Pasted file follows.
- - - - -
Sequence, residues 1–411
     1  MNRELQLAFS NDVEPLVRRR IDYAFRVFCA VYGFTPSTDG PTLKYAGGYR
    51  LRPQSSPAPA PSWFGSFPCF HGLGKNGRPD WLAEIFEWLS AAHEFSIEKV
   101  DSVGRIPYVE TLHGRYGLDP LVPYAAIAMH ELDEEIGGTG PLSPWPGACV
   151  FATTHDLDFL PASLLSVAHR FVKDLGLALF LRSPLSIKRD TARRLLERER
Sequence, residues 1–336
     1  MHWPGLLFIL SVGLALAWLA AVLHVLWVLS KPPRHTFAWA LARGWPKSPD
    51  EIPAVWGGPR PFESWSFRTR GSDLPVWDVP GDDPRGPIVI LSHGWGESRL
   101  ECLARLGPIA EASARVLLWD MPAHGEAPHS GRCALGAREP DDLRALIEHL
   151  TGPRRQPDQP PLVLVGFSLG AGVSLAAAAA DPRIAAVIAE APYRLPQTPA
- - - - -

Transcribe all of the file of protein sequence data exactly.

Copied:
Sequence, residues 1–411
     1  MNRELQLAFS NDVEPLVRRR IDYAFRVFCA VYGFTPSTDG PTLKYAGGYR
    51  LRPQSSPAPA PSWFGSFPCF HGLGKNGRPD WLAEIFEWLS AAHEFSIEKV
   101  DSVGRIPYVE TLHGRYGLDP LVPYAAIAMH ELDEEIGGTG PLSPWPGACV
   151  FATTHDLDFL PASLLSVAHR FVKDLGLALF LRSPLSIKRD TARRLLERER
Sequence, residues 1–336
     1  MHWPGLLFIL SVGLALAWLA AVLHVLWVLS KPPRHTFAWA LARGWPKSPD
    51  EIPAVWGGPR PFESWSFRTR GSDLPVWDVP GDDPRGPIVI LSHGWGESRL
   101  ECLARLGPIA EASARVLLWD MPAHGEAPHS GRCALGAREP DDLRALIEHL
   151  TGPRRQPDQP PLVLVGFSLG AGVSLAAAAA DPRIAAVIAE APYRLPQTPA